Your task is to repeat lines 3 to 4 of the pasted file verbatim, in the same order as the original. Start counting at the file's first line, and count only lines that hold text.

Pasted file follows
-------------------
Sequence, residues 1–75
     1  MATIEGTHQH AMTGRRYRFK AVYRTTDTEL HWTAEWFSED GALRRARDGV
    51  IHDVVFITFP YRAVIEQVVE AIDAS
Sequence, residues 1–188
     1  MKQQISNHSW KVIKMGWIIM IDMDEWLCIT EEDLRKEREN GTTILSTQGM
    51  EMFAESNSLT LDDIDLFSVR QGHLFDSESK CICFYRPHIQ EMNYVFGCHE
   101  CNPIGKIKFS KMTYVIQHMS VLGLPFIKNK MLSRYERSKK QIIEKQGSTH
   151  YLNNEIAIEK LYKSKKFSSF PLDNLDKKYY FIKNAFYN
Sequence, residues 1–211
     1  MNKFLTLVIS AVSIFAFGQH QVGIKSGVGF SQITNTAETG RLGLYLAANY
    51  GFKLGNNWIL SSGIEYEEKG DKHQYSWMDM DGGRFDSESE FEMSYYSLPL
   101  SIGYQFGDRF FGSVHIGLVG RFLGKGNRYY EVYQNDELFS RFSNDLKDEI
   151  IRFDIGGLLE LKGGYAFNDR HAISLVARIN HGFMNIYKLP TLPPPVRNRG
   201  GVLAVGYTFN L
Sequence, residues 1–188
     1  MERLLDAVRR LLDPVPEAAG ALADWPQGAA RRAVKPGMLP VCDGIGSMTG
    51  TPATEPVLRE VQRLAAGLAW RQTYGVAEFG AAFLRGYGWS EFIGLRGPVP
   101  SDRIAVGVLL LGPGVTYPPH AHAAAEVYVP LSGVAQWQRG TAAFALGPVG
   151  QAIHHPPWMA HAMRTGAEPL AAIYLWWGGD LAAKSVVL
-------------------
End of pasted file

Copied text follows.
    51  IHDVVFITFP YRAVIEQVVE AIDAS
Sequence, residues 1–188